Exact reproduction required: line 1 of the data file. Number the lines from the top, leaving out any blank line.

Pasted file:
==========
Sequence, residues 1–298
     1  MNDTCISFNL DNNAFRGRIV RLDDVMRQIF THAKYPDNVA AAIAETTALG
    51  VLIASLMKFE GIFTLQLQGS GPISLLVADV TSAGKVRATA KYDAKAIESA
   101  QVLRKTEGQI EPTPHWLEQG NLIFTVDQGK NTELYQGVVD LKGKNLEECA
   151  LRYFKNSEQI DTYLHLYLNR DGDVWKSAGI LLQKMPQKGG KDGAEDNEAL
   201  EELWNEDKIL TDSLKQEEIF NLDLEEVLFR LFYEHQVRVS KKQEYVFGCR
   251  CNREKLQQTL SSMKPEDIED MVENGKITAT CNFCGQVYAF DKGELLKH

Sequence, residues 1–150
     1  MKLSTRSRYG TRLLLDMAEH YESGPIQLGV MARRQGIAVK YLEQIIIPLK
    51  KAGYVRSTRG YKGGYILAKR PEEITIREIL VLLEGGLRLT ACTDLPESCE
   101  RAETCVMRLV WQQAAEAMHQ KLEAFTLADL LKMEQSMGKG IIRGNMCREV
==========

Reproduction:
Sequence, residues 1–298